Blues for an Alabama Sky

Pearl Cleage
National Theatre
National Theatre Lyttelton

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Samira Wiley (Angel) and Osy Ikhile (Leland) Credit: Marc Brenner
Samira Wiley (Angel), Ronkẹ Adékoluẹjo (Delia), Sule Rimi (Sam) & Giles Terera (Guy) Credit: Marc Brenner
Ronkẹ Adékoluẹjo (Delia) and Giles Terera (Guy) Credit: Marc Brenner

You might feel you have tuned into a very relaxing humorous television soap in the first half of the play Blues for An Alabama Sky. The fine, sensitive direction of Lynette Linton delivers superb performances from a great cast alert to both a believable tone of voice and the physical behaviour of characters that will best prompt audience laughter.

But then the first half has very little in the way of a plot. There is also nothing in the way of issues, clash of objectives or human interaction to generate dramatic tension. And since there is nothing else to ponder, you are left with the smart dialogue, good performances and wondering if the writer might someday insert a situation to get it onto television.

The play, set in New York's Harlem of the 1930s, centres on Guy (Giles Terera) and his long-standing friend, the self-centred Angel (Samira Wiley), a dancer whom her gangster lover has just sacked. Guy, a gay costume designer, is hoping to be hired by Josephine Baker and move to Paris.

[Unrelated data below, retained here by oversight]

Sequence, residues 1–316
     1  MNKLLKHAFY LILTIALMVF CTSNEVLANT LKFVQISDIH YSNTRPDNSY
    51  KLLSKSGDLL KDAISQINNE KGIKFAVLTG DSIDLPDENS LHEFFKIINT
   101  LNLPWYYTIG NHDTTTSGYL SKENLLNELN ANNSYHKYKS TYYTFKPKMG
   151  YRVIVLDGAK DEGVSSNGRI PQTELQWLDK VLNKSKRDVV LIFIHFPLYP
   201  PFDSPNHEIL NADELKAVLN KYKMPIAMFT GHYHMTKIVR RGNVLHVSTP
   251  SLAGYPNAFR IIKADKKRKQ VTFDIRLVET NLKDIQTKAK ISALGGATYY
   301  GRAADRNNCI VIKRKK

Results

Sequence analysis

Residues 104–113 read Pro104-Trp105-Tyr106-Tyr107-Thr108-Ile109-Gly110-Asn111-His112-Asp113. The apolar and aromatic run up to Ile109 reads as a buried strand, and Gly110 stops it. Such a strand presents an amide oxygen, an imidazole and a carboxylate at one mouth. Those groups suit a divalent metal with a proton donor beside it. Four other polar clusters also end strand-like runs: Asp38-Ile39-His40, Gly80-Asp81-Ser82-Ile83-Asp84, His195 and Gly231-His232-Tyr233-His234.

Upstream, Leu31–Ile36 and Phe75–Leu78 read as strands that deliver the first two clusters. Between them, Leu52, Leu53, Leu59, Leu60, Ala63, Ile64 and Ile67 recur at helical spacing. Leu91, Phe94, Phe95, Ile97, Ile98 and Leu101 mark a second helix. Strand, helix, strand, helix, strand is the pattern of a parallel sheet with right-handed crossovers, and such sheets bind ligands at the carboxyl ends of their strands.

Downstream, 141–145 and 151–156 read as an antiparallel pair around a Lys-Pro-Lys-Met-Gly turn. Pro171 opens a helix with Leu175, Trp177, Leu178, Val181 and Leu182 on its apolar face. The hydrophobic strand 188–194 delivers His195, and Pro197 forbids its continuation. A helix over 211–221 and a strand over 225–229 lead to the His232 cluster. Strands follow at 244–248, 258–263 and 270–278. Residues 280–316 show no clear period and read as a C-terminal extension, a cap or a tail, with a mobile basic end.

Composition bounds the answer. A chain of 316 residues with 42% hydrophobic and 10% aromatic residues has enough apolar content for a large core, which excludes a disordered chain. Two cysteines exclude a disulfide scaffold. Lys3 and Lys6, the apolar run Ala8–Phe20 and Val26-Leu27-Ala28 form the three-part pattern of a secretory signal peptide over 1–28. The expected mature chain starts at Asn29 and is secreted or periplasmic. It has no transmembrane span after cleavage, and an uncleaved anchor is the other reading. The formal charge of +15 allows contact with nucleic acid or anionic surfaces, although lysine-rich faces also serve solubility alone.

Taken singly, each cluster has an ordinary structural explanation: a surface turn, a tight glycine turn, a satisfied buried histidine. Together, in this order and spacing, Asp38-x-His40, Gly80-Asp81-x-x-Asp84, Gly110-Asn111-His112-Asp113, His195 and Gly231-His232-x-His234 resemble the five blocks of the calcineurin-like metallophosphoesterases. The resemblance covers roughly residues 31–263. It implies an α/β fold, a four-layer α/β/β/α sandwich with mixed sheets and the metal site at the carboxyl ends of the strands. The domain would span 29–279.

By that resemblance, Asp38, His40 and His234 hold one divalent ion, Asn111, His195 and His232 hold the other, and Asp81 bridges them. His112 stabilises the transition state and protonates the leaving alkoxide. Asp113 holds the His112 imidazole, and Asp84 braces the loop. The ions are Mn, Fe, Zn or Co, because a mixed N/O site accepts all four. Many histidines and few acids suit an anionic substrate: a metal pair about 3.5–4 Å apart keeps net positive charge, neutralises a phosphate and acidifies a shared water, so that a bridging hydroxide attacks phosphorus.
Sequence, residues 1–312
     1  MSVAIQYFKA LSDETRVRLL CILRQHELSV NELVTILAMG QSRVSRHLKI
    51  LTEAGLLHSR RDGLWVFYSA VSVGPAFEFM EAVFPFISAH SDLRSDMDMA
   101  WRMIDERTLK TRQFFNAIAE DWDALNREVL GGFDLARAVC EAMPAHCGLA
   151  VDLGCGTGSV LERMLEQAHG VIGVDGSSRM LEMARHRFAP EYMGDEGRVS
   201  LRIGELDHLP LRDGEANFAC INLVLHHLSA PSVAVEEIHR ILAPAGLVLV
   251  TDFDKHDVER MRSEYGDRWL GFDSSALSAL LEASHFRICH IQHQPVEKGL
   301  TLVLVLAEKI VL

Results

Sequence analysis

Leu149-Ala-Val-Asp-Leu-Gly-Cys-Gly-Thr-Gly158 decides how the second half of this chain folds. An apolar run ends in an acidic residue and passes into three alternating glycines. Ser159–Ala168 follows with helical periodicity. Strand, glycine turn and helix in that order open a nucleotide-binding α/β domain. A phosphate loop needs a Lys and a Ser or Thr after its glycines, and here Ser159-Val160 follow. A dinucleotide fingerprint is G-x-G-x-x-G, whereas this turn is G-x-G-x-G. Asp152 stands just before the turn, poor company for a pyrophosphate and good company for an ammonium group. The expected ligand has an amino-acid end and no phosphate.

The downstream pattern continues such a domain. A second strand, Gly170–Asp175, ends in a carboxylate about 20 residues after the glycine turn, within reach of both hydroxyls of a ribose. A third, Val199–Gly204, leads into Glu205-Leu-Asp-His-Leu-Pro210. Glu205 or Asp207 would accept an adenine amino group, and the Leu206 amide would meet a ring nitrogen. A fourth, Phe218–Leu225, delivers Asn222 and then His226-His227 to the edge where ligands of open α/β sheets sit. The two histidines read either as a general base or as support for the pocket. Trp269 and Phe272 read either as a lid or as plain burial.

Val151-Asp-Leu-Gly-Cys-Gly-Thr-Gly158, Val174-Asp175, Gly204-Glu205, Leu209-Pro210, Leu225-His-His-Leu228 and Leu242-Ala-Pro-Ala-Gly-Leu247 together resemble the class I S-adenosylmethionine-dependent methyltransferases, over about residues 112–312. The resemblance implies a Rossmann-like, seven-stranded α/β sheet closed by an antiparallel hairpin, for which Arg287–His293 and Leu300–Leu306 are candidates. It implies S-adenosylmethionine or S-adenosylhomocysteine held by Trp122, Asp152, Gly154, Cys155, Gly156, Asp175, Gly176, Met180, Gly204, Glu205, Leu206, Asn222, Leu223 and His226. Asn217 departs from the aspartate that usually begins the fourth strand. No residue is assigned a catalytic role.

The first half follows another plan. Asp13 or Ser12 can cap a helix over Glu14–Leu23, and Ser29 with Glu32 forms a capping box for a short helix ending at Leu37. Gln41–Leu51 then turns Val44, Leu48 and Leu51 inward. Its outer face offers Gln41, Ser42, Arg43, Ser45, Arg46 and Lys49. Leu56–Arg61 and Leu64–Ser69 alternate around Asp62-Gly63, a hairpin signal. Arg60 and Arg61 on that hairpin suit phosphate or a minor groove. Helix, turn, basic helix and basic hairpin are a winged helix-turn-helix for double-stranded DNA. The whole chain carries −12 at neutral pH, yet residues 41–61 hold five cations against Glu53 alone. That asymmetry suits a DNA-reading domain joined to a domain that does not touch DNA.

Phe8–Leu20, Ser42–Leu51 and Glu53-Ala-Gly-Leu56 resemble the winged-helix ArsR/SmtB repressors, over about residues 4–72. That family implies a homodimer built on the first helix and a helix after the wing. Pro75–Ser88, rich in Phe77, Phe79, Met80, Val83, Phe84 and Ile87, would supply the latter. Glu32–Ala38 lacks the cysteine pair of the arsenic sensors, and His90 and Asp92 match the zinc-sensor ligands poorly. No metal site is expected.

Three other very thinly sketched characters appear in the play. There is the mysterious homophobic man Leland (Osy Ikhile) from Alabama who takes a fancy to Angel because she reminds him of his dead wife. The neighbour Delia (Ronkẹ Adékoluẹjo) is setting up a family planning clinic, helped by Sam (Sule Rimi), a doctor who likes to “let the good times roll”.

If the first half is so laid-back and cheery you might think Christmas has arrived early, the second half is improbably turbocharged into melodramatic bleakness. When nothing but amiable chat dominates the stage, suddenly bringing out a gun to turn the world upside down eclipses everything else without actually contributing anything to the story that preceded it.

This slight, amiable show will entertain with its amusing dialogue, the occasional fragments of song and the fine performances of its cast, but it won't be remembered for any distinctive story, character or particular view on the world.

Reviewer: Keith Mckenna